PREYING ON HUMAN TRAITS
Psychological UX design is very important and not talked about often enough. I have low tolerance for sneaky/trying to game the system UX/UI.
Yesterday, I decided to give Seamless another chance and I quickly remembered why those $10 OFF coupons are BS. Not only that, but their UX/UI is designed based on different human traits and weaknesses:
- Laziness: If they make it challenging enough to find how to delete an item from your cart, most people will just keep that item and pay for it. So they purposefully make it not user-friendly so people say “Oh fine I’ll have those fried chicken wings – it’s Saturday night, it’s been a long week…I deserve it…” (This is also a dirty little secret for subscription services – people are lazy to cancel their memberships)
- Indecisiveness: Food is a consumer good that’s not only a basic, but most of the times based on the limited time span of a craving. Going back my prior point, but also when I tried to modify my order I ended up with two pad thais in my cart. That is definitely not something I want. And when I can’t delete that second repeated item – that’s when you lose the customer.
- Trust: At checkout, their delivery fee, taxes, etc make that $10 coupon a total marketing scam. So, that’s when I go back to my entrepreneurship motto of supporting other microentrepreneurs and decide to give that % of the sale to the restaurant owner and call them up and order directly with them rather than give that sales percentage to the Seamless platform.
It obviously works and some people don’t mind it and that is why they are still in business, but also happens to be the case that that is why there are many competitors in the space that are equally as strong – because none of them are doing an amazing job at fulfilling user needs with a delightful user experience.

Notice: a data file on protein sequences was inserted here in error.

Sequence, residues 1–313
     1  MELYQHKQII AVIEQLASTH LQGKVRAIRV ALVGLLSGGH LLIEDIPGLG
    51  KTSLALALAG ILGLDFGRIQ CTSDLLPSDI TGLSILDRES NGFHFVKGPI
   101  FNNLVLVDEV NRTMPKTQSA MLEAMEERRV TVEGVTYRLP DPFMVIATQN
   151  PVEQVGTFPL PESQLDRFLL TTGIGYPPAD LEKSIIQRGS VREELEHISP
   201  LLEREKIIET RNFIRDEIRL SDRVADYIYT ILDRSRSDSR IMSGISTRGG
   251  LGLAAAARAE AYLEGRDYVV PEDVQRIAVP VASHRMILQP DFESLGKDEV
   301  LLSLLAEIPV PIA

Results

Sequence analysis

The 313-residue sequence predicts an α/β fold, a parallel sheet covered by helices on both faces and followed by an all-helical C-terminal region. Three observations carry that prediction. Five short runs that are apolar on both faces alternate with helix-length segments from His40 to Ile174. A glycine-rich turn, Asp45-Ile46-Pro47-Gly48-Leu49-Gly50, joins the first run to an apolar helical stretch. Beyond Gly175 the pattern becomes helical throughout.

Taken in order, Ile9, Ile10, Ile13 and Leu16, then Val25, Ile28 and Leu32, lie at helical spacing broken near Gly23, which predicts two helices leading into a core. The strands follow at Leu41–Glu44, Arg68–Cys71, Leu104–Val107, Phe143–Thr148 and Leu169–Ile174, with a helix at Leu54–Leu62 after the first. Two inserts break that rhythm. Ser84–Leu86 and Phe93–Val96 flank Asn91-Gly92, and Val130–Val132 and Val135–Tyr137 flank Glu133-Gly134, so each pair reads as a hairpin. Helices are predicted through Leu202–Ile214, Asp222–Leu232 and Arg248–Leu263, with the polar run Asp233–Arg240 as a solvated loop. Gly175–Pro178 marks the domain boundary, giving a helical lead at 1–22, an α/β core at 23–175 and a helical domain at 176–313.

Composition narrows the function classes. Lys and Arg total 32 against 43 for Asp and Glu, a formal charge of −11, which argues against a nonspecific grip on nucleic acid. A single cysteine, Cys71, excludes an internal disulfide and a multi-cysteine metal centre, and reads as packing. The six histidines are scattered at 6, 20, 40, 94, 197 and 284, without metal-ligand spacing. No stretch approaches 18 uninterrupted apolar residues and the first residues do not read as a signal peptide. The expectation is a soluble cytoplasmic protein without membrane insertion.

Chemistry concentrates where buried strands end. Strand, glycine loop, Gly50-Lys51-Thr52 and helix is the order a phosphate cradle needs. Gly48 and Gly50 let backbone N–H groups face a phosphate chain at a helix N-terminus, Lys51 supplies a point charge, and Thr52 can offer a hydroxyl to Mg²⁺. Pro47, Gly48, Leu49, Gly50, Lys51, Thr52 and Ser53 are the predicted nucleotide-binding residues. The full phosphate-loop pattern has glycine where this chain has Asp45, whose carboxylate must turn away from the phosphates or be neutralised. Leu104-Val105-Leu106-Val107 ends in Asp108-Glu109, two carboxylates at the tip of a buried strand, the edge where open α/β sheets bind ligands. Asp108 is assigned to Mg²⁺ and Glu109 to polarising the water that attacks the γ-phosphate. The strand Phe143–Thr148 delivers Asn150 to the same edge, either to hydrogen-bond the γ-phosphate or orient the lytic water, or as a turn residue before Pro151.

Using design as a tool for end user manipulation is not ethical and as Carlos Han says, “Designers need to be cautious with how they want to influence emotions,” read more here.
Be empathetic with your customers.
Unethical Persuasive Design
Behind the screens of the games we play and digital communities we interact with are psychologists and other behavioral science experts, who are hired to create products that we want to use more and more. Big tech now employs mental health experts to use persuasive technology, a new field of research that looks at how computers can change the way humans think and act. This technique, also known as persuasive design, is built into thousands of games and apps, and companies like Twitter, Facebook, Snapchat, Amazon, Apple, and Microsoft rely on it to encourage specific human behavior starting from a very young age.While defenders of persuasive tech will say it can have positive effects, like training people to take medicine on time or develop weight loss habits, Chavie Lieberreports in Vox that some health professionals believe children’s behaviors are being exploited in the name of the tech world’s profit. On Wednesday, a letter signed by 50 psychologists was sent to the American Psychological Association accusing psychologists working at tech companies of using “hidden manipulation techniques” and asks the APA to take an ethical stand on behalf of kids. (Credits: Experientia ) Learn more here
Photo Credits: Unsplash, Seamless